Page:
Can medical marijuana help to fight the opioid epidemic? Many believe that it can. But a new study finds that people who use medical marijuana actually have higher rates of medical and non-medical prescription drug use — including pain relievers. The study appears in the Journal of Addiction Medicine, the official journal of the American Society of Addiction Medicine (ASAM), published by Wolters Kluwer.
Rather than being at lower risk, people who use medical marijuana may be at higher risk for non-medical prescription drug use, suggests the study by Theodore L. Caputi, BS of University College Cork’s School of Public Health and Keith Humphreys, PhD, of Stanford University. However, an accompanying commentary questions whether medical cannabis is the cause of higher prescription drug use, or whether other factors explain the association.
Full story at Science Daily
Almost one-fifth of patients with opioid use disorder (OUD) in a large healthcare system died during a four-year follow-up period, reports a study in the Journal of Addiction Medicine, the official journal of the American Society of Addiction Medicine (ASAM). The journal is published by Wolters Kluwer.
The results suggest very high rates of serious illness and death among patients with OUD in general medical care settings — much higher than for those in addiction specialty clinics, according to by Yih-Ing Hser, PhD, of University of California, Los Angeles, and colleagues. They write, “The alarmingly high morbidity and mortality among OUD patients revealed in the present study challenge healthcare systems to find new and innovative ways to expand evidence-based strategies for OUD in a variety of settings.”
Full story of death risk for opioid users in general medical care at Science Daily
The health insurance company Cigna is teaming up with the American Society of Addiction Medicine (ASAM) to study which substance abuse treatments are effective, Forbes reports.
The company will provide two years of medical claims data to ASAM, who will work with health researchers at Brandeis University to test and validate which treatments are working. All patient names have been removed to ensure confidentiality.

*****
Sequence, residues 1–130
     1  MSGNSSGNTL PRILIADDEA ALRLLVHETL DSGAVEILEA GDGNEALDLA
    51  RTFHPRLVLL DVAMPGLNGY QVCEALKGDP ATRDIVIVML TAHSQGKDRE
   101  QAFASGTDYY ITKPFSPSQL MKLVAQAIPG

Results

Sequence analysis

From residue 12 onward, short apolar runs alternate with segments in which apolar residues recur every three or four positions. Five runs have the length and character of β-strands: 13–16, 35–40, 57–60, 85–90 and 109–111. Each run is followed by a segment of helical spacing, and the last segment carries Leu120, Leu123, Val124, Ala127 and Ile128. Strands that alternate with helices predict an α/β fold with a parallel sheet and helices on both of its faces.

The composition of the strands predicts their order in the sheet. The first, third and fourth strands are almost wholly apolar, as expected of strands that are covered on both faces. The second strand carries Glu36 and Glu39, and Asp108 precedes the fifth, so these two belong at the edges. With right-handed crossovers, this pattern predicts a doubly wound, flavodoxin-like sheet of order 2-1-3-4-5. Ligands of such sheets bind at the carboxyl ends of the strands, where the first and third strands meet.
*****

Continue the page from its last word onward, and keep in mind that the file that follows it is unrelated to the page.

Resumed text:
The results could be used to develop guidelines for Cigna and other health insurers to establish protocols for doctors and other mental health providers, the article notes.
“When it comes to substance abuse, there are not clear guidelines,” said Dr. William Lopez, Cigna’s Senior Medical Director for Behavioral Health. “Our position is that we want to individualize the treatments and by having some guidelines that are more holistic, we will attain that goal. We want to move from volume to value.”
Full story of Cigna and ASAM studying substance abuse treatments at drugfree.org
The national discussion on the legal status of marijuana has been a hot-button issue since Colorado became the first state to legalize the recreational use and retail manufacturing and sale of the substance in 2012. Since then, Washington, Alaska, Oregon and Washington, D.C. have also legalized cannabis use for adults, in addition to the 23 states and Washington, D.C. that have legalized cannabis for non-FDA-approved medicinal uses under state law. In light of these recent societal and political experiments surrounding the regulation of marijuana and with legalization ballot initiatives expected in several states in 2016, the American Society of Addiction Medicine (ASAM) updated their policy statement on marijuana so that it speaks to the broad public health and safety aspects of such measures.
ASAM’s new Policy Statement on Marijuana, Cannabinoids and Legalization is the result of a months-long research and writing process that was spearheaded by Drs. Michael Miller, Norm Wetterau and Jeff Wilkins, and overseen by ASAM’s Public Policy Committee. This timely, new statement details the latest research on the health and public health effects of marijuana use, as well as the potential medicinal benefits of particular cannabinoids. It also discusses the political and social attitudes about marijuana that inform the current debate around legalization, and differentiates efforts to decriminalize marijuana use with efforts to legalize marijuana for commercial distribution and sale.
Full story of new ASAM policy on marijuana at drugfree.org